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Related Categories: Central Valley | Racial Justice
2020 Juneteenth National Holiday Convention
by Khubaka, Michael Harris
Friday Sep 11th, 2020 6:37 AM
Globally, Juneteenth is poised help expand a year round expression of Freedom marked by a new official United States of America, Federal Holiday that could begin on Saturday, June 19, 2021, as we stand on the shoulders of many ancestors preparing for an amazing new beginning.
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Juneteenth, also known as Freedom Day or Emancipation Day, is poised to become a US Federal Holiday honoring the legacy of Pan African Heritage in the American and celebrated by people of all ethnic and racial backgrounds.

Juneteenth commemorates the agreeded upon date recognizing ending of slavery in the United States and terrorties.

The final Confederate Port on Galveston Island, Texas during the US Civil War fell on June 19, 1865 with the public announcement and enforcement of the Emancipation Proclaimation ending slavery in the states in rebellion.

June 19, the term is a portmanteau of June and nineteenth , and is recognized as a state holiday in 47 states of the United States.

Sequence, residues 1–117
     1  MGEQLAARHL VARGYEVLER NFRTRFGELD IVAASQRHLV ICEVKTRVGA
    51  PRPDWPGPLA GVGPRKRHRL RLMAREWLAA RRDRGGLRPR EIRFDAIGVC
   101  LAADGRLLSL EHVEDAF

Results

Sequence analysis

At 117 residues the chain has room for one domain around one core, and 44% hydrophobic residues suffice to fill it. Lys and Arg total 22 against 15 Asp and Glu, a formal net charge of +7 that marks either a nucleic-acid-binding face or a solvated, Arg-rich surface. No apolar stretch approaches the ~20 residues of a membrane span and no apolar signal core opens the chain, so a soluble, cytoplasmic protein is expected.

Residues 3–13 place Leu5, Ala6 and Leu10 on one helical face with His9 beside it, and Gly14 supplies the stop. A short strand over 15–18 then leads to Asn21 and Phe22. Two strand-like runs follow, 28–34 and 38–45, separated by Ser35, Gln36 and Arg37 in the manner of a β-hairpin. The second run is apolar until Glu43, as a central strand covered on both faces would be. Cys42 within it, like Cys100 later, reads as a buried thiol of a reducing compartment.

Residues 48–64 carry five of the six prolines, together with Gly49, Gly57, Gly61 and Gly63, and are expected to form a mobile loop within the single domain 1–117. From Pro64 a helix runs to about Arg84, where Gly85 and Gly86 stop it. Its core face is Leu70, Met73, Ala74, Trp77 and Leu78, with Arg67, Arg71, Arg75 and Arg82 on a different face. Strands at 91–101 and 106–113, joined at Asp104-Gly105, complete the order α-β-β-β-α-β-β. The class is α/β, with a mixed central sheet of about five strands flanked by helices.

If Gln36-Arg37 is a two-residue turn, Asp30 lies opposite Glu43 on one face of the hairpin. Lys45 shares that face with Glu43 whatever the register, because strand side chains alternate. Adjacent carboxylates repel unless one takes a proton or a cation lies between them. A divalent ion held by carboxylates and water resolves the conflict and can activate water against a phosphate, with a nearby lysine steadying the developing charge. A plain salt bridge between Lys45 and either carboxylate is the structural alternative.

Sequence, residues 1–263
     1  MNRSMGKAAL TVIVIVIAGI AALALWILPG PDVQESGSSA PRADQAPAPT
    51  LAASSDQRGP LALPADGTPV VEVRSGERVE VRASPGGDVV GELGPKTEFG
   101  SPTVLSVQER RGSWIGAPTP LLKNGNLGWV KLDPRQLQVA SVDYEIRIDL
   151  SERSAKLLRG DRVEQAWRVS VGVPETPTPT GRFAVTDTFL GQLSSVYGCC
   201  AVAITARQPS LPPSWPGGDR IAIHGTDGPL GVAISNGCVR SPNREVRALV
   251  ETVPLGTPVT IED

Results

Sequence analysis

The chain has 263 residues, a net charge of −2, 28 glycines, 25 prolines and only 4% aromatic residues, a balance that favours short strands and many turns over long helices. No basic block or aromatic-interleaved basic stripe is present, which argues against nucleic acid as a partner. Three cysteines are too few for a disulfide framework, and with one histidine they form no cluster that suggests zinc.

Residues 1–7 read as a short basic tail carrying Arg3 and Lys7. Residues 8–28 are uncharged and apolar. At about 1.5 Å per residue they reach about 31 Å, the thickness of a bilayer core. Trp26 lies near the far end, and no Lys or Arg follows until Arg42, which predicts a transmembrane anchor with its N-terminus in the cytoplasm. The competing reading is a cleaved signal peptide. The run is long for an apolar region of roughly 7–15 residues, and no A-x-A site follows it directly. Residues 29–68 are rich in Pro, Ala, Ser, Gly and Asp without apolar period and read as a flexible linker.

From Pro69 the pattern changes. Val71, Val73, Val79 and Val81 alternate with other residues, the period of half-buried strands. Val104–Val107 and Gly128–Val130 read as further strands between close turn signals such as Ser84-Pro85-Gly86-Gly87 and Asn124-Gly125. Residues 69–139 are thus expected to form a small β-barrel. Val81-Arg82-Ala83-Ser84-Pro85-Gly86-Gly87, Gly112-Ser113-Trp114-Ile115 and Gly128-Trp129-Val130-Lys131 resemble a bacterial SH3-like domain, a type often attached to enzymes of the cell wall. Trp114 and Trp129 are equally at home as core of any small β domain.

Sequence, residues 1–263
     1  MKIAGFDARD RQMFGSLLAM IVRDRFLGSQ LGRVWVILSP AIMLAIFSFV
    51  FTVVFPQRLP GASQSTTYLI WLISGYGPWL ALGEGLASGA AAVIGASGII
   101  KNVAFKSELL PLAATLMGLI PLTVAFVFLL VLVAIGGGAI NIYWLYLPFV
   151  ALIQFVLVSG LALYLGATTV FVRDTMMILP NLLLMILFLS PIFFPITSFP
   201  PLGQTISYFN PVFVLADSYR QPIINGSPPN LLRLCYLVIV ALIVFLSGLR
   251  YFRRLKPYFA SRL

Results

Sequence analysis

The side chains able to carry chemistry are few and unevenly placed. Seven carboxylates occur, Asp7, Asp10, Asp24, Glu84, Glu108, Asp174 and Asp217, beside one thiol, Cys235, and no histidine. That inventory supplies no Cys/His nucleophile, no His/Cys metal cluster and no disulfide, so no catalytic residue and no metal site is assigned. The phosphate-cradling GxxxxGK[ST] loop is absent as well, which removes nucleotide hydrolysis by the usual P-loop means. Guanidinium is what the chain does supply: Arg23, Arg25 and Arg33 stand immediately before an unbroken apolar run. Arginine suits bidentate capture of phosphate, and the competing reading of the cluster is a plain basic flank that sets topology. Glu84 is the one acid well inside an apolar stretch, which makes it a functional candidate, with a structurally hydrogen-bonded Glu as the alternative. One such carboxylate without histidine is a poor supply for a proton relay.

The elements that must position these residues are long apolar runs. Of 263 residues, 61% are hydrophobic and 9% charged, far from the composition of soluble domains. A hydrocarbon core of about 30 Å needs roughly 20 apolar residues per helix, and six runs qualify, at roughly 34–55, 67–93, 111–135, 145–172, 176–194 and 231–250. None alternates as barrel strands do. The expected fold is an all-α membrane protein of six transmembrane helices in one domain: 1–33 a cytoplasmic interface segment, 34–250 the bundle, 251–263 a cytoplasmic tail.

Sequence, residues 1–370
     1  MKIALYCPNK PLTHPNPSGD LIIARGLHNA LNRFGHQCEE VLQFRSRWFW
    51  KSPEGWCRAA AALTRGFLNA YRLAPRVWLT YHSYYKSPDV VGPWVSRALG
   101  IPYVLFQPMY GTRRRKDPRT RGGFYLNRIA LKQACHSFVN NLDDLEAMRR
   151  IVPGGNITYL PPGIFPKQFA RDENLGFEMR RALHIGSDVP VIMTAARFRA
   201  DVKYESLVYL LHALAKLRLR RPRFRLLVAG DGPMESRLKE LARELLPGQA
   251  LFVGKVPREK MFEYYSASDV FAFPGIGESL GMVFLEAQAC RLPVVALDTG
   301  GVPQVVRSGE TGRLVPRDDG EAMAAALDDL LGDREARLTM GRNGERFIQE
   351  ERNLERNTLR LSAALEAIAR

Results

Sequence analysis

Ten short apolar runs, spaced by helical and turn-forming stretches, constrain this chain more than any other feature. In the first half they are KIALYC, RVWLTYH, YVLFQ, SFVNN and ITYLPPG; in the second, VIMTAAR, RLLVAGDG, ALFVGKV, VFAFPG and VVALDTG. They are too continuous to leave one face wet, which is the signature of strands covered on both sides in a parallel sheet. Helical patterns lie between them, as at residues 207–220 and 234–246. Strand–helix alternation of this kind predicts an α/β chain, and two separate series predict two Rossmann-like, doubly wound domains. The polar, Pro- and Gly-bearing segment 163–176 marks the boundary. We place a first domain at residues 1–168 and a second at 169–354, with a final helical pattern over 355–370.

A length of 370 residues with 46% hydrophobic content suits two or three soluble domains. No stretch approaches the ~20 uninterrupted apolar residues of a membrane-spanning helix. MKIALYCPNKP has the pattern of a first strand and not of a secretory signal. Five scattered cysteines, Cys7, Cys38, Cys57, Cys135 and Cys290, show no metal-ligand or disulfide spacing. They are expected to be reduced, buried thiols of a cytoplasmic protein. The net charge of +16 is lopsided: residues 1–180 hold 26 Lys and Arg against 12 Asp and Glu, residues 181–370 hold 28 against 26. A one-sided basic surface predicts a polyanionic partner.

Juneteenth is the oldest known celebration commemorating the ending of slavery in the United States and has actually been an African American tradition since the late 19th century.

Economic and cultural forces caused a decline in Juneteenth celebrations beginning in the early 20th century. The Depression and egregious public policies forced many blacks off of farms and into the cities to find work. In these urban environments, employers were less eager to grant leaves to celebrate freedom.

July 4th was the already established Independence holiday, and a rise in patriotism and desegregation steered more toward this mainstream celebration of American Independence from British rule.

The Civil Rights movement of the 1950s and 1960s yielded both positive and negative results for the Juneteenth celebrations.

Human and Civil Rights efforts pulled many African American youth into the struggle for racial equality, linking historical struggles of their ancestors toward a greater measure of freedom.

In 1968, after the death of Rev. Dr. Martin Kuther King, Jr. in Memphis, Tennessee.

June 1968, on Juneteenth, at the Poor Peoples March in Washington D.C.. Rev Ralph Abernathy's called for people of all races, creeds, economic levels and professions to come to show support for the poor. Many of these attendees returned home and initiated Juneteenth celebrations in areas previously absent of such activity.

Throughout the 1980s and 1990s Juneteenth continued to enjoy a growing and healthy interest from communities and organizations throughout the country as African Americans expressed a growing interest to see that the journey from slavery to freedom is not forgotten. Many see roots tying Ancestry back through the centuries of enslavement to the ancestral soul in Africa, from which many enslaved Americans trace their loss of freedom.